Back in November I got a call from the fine folks at Popular Science Magazine to head over to the FedEx headquarters in Memphis to shoot some portraits of a guy named Dave Lange for their February issue.
The shot was for their Q&A page, and my contact at the magazine explained that he wanted a very particular shot of Dave for the issue - a close up portrait with the lighting rig I built for my Man + Wife series. It's always nice to get a job based entirely on work I've done in the past - in fact - nothing could be more flattering. I told them I would be more than happy to deliver the image for their magazine, but in the back of my head I was planning something completely different.
On the day of the shoot I packed up the custom light rig, along with the rest of my mobile studio and drove east toward Memphis. I knew I could get the shot they were asking for without much trouble, so my plan was to shoot that photo last. I always like to get the safety shot last. It adds extra pressure to the risky shot if you do it first, knowing you better nail it because it might be all you've got work with. I spent the entire drive brainstorming ideas for the shot, and once I arrived I had a decent plan in place.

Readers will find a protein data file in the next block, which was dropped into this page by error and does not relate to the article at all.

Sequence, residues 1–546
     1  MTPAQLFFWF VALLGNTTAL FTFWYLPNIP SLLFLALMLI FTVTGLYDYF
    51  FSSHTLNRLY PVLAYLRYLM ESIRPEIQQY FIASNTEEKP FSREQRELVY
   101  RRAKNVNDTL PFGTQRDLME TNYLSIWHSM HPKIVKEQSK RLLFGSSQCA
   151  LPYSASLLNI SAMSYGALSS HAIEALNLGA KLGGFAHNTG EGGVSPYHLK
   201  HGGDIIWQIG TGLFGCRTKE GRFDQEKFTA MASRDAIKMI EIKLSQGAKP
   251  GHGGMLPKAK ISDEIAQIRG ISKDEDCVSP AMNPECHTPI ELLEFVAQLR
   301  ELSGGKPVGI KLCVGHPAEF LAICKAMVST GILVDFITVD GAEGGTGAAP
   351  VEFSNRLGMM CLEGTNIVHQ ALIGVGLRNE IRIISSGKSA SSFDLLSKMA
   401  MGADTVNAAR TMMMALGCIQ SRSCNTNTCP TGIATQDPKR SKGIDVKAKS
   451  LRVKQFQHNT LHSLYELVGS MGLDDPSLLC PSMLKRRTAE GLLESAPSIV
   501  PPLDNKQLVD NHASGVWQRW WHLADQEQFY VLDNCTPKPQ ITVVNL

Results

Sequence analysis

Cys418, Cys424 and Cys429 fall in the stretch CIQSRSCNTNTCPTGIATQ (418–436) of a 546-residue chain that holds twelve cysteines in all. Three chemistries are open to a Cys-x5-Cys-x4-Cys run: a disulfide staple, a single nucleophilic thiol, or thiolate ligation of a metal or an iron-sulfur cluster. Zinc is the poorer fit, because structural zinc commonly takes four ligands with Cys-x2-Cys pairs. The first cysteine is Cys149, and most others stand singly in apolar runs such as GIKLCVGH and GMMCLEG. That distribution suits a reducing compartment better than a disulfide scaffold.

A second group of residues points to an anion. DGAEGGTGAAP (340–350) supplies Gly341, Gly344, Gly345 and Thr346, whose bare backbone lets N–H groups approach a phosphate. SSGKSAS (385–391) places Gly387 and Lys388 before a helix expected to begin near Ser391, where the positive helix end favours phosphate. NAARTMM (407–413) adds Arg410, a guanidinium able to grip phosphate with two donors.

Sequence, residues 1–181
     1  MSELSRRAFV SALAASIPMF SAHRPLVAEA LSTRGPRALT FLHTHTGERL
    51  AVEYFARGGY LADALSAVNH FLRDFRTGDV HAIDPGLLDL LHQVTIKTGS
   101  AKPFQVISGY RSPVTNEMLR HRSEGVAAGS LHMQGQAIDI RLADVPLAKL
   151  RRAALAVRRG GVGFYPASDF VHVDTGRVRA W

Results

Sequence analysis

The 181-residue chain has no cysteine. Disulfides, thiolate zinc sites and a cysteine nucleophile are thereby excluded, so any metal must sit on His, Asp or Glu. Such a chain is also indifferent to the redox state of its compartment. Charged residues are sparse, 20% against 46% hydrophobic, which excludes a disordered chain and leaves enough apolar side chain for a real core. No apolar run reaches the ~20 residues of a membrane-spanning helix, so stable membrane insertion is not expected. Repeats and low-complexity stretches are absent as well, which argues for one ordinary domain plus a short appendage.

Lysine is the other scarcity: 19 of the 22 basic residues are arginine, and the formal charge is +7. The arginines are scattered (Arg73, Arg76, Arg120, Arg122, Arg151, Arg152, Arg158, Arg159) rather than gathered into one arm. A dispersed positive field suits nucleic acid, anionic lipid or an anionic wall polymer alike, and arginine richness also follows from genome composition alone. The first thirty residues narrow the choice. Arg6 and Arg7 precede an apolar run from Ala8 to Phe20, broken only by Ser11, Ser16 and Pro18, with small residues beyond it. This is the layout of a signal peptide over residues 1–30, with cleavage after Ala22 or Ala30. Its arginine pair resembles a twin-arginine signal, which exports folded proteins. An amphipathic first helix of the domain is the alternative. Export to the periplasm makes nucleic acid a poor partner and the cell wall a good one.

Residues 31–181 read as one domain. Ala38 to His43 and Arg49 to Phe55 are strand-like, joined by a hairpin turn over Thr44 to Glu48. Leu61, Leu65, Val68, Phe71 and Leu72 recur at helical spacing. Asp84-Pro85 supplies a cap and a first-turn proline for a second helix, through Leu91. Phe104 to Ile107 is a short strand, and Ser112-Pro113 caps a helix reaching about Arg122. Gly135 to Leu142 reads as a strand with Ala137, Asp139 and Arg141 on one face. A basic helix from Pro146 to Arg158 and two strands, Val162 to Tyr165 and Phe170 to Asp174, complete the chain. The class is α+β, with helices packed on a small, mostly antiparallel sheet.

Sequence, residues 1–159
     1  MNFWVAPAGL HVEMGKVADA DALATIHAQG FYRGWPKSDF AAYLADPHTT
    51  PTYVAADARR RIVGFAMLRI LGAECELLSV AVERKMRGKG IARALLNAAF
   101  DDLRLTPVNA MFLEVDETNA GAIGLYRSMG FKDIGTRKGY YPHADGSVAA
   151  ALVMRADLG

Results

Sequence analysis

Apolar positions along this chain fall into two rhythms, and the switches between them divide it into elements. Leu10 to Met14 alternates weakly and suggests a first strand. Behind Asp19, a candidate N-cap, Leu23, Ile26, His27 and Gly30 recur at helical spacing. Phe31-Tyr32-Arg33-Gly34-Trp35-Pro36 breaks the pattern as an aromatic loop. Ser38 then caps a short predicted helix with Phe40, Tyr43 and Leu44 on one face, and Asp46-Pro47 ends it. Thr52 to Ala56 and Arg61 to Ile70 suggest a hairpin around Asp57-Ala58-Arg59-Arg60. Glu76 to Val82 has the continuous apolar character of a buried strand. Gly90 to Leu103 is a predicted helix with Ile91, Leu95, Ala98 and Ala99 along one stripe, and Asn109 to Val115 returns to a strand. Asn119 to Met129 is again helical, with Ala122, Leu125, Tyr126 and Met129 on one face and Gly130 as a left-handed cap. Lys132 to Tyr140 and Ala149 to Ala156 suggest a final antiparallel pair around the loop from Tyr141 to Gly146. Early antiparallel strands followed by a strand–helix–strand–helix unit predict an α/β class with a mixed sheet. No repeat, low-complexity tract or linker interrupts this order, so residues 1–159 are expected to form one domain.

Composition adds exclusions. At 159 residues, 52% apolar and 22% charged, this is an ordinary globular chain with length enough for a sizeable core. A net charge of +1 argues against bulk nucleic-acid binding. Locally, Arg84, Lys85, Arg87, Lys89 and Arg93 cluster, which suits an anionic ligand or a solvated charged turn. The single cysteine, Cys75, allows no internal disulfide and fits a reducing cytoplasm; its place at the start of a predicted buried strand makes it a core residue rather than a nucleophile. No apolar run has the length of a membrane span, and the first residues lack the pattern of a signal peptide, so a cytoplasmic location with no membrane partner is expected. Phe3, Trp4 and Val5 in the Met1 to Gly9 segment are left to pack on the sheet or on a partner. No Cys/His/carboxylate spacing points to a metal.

Dave's job at FedEx is to ship literally anything anywhere. He is the guy you talk to if you need to charter an entire cargo jet to ship, say, six live elephants from a zoo in Canada to a zoo in the US, or send a tank from Virginia to the Middle East - so I wanted to incorporate this crazy concept of logistics into the shot, but also to show Dave calmly handing it like the pro that he is. When I arrived at the FedEx headquarters and saw Dave's office, I was immediately drawn to the giant map above his desk. The final shot from the first setup is below:
To light the shot, I set up the big octabank to camera left, originally with a grid, but ended up getting rid of the grid because I wanted more light to spill onto the map behind Dave. I toyed around with a few different fill light options (ring flash, shoot-through umbrella, on-camera strobe) but in the end I went with the old standby - a 5-in-1 reflector on the white side off to camera right. It's always the simplest things that work best.